I missed Tom Hayes‘ Smiling Through The Apocalypse, a doc about Harold Hayes‘ legendary tenure as editor of Esquire from the early ’60s through early ’70s, when it played at the 2013 Palm Springs Film Festival. And I didn’t hear zip about yesterday’s New York theatrical release in advance. Ben Kenigsberg‘s N.Y. Times review complains that the film is too short (98 minutes) and too obsequious. “Cramming more than 40 interviews into an unreasonably brief running time, [pic] overflows with dishiness [while] the son chimes in with fawning praise, offering barely any personal insight. It’s both a credit to, and a shortcoming of, the movie that it suggests an illustrated bibliography. It makes you want to stop watching and, instead, read or reread all of the pieces mentioned.”
Douglas Trumbull demonstrated and discussed the MAGI medium (120 fps, 3D, 4K digital projection) at the Toronto Film Festival on Thursday afternoon. The ten minutes of MAGI-captured footage he showed was from UFOTOG, a who-gives-a-shit? short about an eccentric guy tracking UFO activity. And yet the nighttime footage in this short was drop-dead amazing — it was the first time I’d seen footage that accurately simulated what nocturnal vision actually looks like. Trumbull’s main point was that shooting at 60-frame-per-seconds is just a matter of flipping a switch on any high-end digital camera — no extra costs, no nothing. All MAGI does is take 60 fps footage project an alternating left eye-right-eye image or 60 frames per second per eye, which results in 120 frames of pure fluid motion per second. I think it looks fantastic. The MAGI process costs very little, Trumbull stated again and again. It seems to me like the only way to really up the impact levels big-time when it comes to theatrical presentation of action and CG-driven fare. Trumbull believes that James Cameron will definitely be shooting the Avatar sequels in a high-frame-rate process, and he reported that a name-brand action filmmaker (possibly Michael Bay, I deduced) is also keenly interested.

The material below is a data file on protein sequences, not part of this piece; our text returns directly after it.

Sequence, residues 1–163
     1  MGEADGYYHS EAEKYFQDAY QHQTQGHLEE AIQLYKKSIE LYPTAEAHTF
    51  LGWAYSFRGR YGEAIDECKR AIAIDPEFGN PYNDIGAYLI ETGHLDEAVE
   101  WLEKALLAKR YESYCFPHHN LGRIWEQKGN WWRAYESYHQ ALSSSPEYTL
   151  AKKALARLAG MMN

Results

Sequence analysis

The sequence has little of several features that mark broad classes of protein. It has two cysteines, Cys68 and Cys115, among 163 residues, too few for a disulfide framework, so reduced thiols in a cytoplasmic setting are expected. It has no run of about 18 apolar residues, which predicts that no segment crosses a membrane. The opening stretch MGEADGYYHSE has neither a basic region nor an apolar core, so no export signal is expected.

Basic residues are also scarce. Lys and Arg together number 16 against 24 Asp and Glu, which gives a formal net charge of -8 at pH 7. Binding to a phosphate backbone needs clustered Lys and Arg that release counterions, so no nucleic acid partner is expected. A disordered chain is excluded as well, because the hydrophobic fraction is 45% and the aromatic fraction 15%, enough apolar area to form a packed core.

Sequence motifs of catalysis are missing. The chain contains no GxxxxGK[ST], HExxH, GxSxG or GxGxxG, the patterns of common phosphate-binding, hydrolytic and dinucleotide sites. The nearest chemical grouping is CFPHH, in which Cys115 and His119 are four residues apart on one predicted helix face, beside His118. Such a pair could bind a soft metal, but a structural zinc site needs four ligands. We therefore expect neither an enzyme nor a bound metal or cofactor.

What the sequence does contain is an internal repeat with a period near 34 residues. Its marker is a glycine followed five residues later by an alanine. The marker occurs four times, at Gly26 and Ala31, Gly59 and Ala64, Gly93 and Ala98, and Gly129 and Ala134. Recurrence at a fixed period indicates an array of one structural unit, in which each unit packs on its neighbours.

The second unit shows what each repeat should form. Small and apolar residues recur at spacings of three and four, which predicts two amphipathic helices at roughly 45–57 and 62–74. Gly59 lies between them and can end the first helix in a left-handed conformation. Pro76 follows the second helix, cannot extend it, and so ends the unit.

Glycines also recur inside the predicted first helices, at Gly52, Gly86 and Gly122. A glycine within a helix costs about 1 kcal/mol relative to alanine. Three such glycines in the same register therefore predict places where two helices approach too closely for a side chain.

I had a couple of opportunities to see Julianne Moore‘s performance as a psychologist and college professor coping with “Al Z. Heimer” (a Norman Mailer term) in Still Alice. If I’d gone I could offer an assessment or two, but I decided against seeing it because I have a problem with “surrender to the void” movies in which the main character is totally doomed from the get-go. The young organ donors in Never Let Me Go, Bryan Cranston in Breaking Bad, Edmond O’Brien in D.O.A.. It’s great that Moore is now back in the conversation as a potential Best Actress contender, but I’m going to have to overcome my resistance to what sounds to me like a feature-length version of the scene in 2001: A Space Odyssey in which Keir Dullea disconnects HAL’s higher brain functions.